During the auction and slideshow, ABC was filming various fans for their news coverage of the convention. The table and myself made a brief appearance on ABC's local six o'clock news. Sales of our items improved from Saturday's coverage, and each of us who served at the table had a lot of fun meeting enthusiastic and sometimes, downright weird fans.

Januarycon was a huge success that was reminiscent of the early Star Trek cons. It was also a marked success for the chapter. [7]

New York City: May 12-13, 1984

Con Report New York City: May 12-13, 1984

the second page of the May 12-13, 1984 con

The annual May Creation Convention, held on the 12 and 13 of May at the Roosevelt Hotel in midtown Manhattan was a smashing success for both Creation Conventions and the Constitution. Thousands of individuals attended and virtually everyone enjoyed themselves. Maycon 84 marked the 1st anniversary of our fanzine, Genesis.

The con began at 11:00, with people being let in ten-fifteen minutes early. We had our table set up and were prepared [for the most part] for the ensuing crowd which rushed in upon us. Copies of Constitution Comments and Hailing Frequencies sold like they were going out of style.

During the course of the weekend. Creation ran a number of previews from many upcoming films including: Gremlins, Supergirl, Ladyhawke, Ghostbusters, Buckaroo Banzai, Dreamscape, and, of course. Star Trek III - The Search For Spock. No Star Trek convention would be complete without the classic blunders of the Enterprise crew, which were shown in the popular Star Trek Blooper Reel.

We didn't have 'official chapter stage-time,' but I was invited up on stage with Adam Malin. the president of Creation Conventions, to help out in the Star Trek Trivia Game. The audience asked questions of a special panel and if they stumped the experts, they would be awarded a prize. That proved to be alot of fun.

The first guest on Saturday was Mark Lenard, the only actor to portray all three of Star Trek's major aliens. He was very entertaining, and informative as well. Mark spoke about his career, his part in Star Trek, both past and present, and about his other contributions to the world of entertainment. Then, Mark held a question and answer session which the crowd loved. Fans asked Mark all sorts of questions on his career and on Star Trek.

This was followed by the famous Creation No Minimum Bid Auction, which lasted for about an hour. Great fun ensued as fans watched packages of Star Trek and science fiction stuff auctioned off to the highest bidder!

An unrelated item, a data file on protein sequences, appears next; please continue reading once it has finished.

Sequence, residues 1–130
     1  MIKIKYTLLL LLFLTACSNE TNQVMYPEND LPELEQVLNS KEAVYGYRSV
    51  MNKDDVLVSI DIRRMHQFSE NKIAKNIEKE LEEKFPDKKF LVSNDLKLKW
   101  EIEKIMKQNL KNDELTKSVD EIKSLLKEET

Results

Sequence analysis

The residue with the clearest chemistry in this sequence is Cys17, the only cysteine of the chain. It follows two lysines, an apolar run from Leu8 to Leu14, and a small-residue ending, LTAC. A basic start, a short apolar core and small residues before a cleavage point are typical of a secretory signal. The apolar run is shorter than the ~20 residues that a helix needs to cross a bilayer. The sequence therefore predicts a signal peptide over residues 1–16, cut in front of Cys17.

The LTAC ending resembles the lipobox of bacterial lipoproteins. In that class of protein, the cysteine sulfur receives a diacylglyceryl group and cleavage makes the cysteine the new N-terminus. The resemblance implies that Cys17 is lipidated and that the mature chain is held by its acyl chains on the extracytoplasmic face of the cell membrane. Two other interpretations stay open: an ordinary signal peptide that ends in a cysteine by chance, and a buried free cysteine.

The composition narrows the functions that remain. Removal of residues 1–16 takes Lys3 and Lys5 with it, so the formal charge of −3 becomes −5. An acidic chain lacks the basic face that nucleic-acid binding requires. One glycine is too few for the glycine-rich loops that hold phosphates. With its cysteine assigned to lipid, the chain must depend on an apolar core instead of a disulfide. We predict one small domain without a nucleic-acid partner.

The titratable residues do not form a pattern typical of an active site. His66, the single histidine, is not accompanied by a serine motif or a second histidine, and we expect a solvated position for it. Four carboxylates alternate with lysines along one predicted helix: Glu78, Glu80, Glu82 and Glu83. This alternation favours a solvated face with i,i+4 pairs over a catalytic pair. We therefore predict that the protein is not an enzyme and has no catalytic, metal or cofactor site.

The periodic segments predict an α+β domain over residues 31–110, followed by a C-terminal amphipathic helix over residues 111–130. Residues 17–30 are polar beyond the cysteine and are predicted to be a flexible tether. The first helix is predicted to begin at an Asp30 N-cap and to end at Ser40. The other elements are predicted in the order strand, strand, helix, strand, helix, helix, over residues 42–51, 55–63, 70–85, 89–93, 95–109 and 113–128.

The next guest was James Doohan, who as you know, plays the chief engineer of the Enterprise, Commander Montgomery Scott. He packed the fans into the Grand Ballroom just as Mark Lenard had. Jim did some of his famous accents and told the fens stories and anecdotes from both his career, and Star Trek. Then he held a question and answer session. The fans asked Jim about his career and, of course Star Trek.

After Jim's presentation, he and Mark held an autograph session in the area outside of the Grand Ballroom. Adam put me in charge of 'crowd control and security' around Jim and Mark while they were signing autographs. That was tots of fun!

Alex tells me that Sunday was just as entertaining as Saturday. I can't say too much about Sunday, because transportation problems prevented me from attending. The enclosed con schedule should tell you what events occurred on Sunday.

All in all, Maycon 84 was a fantastic success and the chapter got alot more exposure both to the stars, and the public. [8]

1985

Anaheim: March 3-4, 1985

There was a con March 3 and 4, 1985 in Anaheim, California. It was mentioned in TREKisM #41/42 (which also includes some photos), as well as in the editorial by Della Van Hise in Banned in Anaheim.

New York City, June 1985

There was a con in New York in June 1985. Leonard Nimoy was a guest. The zine Nome #8 was sold there.


1986

New York City: June 1986

New York City: June 1986Con Report

Why do I go to these things? Because they give me a free table, and I get a lot of money, and ego-boo. For this I also take a lot of hassle... in this case, the Luboviches were having their Annual Dinner, and the upstairs ballroom where I set up the store had to be cleared... which meant I lost the better part of Sunday's sales. I did get a full 1/2 hour set, however.. Oh well, win some, lose some. [9]

Anaheim: June 21-22, 1986

Oakland: March 9-10, 1986

Con Report: Oakland: March 9-10, 1986

Creation Con held one of their multi-media conventions at the Oakland Hyatt Hotel over the weekend of March 9th and 10th. The Star Trek guest celebrity was Robin Curtis, Saavik of ST III. The audience on both days were charmed by the gracious, warm, lovely and friendly young actress.

RC opened both sessions by asking immediately for questions from the audience, quickly adding (in anticipation of someone's question), that she was 29 and single. On both days, one of the first questions asked was if Saavik would be pregnant in ST IV, and if so, who was the father? After telling us that she wasn't "very good" at keeping secrets, RC was very good at being evasive in directly answering the question, hinting that there is a possibility that Saavik could be pregnant, but also indicating that there is a possibility the issue will be left open in ST TV.

Audiences on both days were also quite interested in RC's interpretation of the Saavik character, versus the interpretation of Kirstie Alley. RC told us that as she is very impressionable, she hasn't seen ST II, and therefore couldn't compare her performance to KA's. RC was very gentle in reminding us that not only is a character dependent upon the actor, but also the director, and that Leonard Nimoy, as the resident Vulcan, guided her performance.